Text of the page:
In 2018, Barkley was able to parlay a huge game against the New York Jets into a two-year contract as Josh Allen’s backup quarterback. In 2019, Barkley showed why he was available for the Bills to sign midway through the 2018 season. In his two spot duties this year, Barkley showed glimpses of positive attributes, especially during his near-comeback against the New England Patriots in September. However, the veteran is what he is—a passer with limited arm strength who relies on timing routes and quick-release throws, and if those are disrupted, then he really struggles to do much against NFL defenses. He is under contract for 2020, and he will probably be back as Allen’s backup; however, it wouldn’t be terribly surprising if the team upgraded here.
Contract status for 2020: Signed reserve/future deal on 1/7/2020
Age: 25 (26 on 1/22/2021)
Playing time: N/A
Key statistics: N/A
After being selected by the New York Giants in the third round of 2017 NFL Draft, Webb has bounced around the New York-New Jersey area as a professional. He was with the Giants until September 2018, when he was released and subsequently signed to the Jets’ practice squad. He remained with the Jets until September 2019, when he was released and subsequently signed to the Bills’ practice squad. He has yet to appear in a regular-season NFL game, but in the preseason, he has appeared in 12 games, completing 75-of-132 passes (57%) for 726 yards, 1 touchdown, and 4 interceptions, adding 11 rushes for 15 yards. Assuming that he remains on Buffalo’s roster for 2020, it will be the first time in his professional career that Webb has remained with the same coaching staff in consecutive seasons, so it’s possible that there is still some untapped potential here long term.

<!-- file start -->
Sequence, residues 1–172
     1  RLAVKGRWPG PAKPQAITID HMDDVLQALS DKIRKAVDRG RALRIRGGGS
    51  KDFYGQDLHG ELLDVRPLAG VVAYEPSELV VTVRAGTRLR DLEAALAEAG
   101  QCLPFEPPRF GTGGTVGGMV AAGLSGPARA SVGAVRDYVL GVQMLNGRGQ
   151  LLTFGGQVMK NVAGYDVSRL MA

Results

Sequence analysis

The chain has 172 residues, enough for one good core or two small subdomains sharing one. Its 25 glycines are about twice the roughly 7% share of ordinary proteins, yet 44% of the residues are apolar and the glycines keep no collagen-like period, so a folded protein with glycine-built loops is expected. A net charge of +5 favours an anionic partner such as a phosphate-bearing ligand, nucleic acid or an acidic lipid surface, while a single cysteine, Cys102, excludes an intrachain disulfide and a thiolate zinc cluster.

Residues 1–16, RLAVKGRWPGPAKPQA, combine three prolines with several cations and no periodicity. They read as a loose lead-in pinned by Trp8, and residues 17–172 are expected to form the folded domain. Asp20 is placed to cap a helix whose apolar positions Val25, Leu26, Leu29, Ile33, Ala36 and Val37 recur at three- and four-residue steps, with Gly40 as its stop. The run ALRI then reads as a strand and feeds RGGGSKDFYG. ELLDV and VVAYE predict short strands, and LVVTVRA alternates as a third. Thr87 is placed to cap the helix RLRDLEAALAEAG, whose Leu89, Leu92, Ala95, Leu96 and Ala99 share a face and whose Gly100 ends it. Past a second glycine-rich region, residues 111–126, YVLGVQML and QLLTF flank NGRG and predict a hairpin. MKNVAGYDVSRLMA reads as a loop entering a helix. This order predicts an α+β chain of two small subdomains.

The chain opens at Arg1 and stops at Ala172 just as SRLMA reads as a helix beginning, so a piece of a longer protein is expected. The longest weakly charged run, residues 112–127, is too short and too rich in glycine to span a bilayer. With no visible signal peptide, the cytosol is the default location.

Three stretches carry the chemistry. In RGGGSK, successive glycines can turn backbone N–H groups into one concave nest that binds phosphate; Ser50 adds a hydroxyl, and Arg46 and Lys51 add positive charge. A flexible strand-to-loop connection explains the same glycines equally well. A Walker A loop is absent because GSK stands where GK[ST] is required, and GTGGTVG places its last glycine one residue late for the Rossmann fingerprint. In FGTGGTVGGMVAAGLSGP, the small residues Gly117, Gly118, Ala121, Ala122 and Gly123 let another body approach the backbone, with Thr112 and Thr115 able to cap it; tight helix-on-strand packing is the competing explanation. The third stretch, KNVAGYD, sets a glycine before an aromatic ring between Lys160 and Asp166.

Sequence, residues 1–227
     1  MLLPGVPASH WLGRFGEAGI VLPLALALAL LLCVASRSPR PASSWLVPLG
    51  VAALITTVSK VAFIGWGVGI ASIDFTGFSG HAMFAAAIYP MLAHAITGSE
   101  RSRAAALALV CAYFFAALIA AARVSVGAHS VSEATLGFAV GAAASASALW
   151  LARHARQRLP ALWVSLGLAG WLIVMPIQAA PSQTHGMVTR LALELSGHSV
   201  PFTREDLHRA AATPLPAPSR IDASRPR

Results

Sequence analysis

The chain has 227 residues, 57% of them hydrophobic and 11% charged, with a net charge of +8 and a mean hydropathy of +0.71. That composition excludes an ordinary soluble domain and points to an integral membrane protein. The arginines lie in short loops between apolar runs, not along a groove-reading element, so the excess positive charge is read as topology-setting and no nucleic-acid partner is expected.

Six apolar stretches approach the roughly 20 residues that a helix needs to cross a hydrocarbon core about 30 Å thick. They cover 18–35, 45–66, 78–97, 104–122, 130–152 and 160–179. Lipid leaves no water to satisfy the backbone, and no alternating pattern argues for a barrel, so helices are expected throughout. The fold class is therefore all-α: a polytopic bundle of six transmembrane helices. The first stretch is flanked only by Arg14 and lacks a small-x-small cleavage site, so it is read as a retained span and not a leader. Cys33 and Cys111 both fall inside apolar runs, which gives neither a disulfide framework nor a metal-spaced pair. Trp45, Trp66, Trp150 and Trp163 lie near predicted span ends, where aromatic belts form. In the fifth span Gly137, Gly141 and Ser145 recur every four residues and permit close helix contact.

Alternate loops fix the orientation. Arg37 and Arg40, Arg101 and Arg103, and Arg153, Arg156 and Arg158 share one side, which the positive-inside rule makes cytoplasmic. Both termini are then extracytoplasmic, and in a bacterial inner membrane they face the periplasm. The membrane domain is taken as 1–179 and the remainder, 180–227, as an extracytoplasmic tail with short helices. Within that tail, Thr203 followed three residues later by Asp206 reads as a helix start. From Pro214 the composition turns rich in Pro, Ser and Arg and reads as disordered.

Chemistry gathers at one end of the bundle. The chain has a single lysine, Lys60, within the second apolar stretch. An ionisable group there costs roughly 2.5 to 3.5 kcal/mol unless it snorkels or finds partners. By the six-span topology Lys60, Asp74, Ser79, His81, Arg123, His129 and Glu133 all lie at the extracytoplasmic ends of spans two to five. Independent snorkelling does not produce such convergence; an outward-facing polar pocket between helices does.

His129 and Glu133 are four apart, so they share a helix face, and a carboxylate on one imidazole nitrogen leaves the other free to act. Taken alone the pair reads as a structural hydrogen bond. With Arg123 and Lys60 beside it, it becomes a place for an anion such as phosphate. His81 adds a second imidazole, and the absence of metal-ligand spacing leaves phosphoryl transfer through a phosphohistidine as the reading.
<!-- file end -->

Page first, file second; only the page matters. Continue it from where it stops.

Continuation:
For better or for worse, the Bills are all-in with Allen. Sure, there are still warts, and there are going to be times when fans don’t listen to the Gallagher brothers and choose to look back in anger at what could have been had the team drafted Patrick Mahomes. I prefer to look at the positive steps Allen took this season, improving in every measurable category from his rookie season, as a sign that the future is bright. For much of the year, the young man played his best when he was under the most pressure. He has his first playoff start under his belt. He has his offensive coordinator for the third straight year to begin his career. He has his quarterback coach returning for year two. He has a front office that has plenty of money to continue building the kind of offense that can consistently win in this league. Most of all, he has a room full of players ready to do whatever it takes for him. This is Josh’s team, folks, and this team is going to go as far as he can take them. While it’s possible that the Bills look for an upgrade to Barkley, given the relationship he has with Allen, I find it more likely that they look for a different practice-squad quarterback to replace Webb if they make any moves here at all. Expect this group to look mighty familiar in 2020.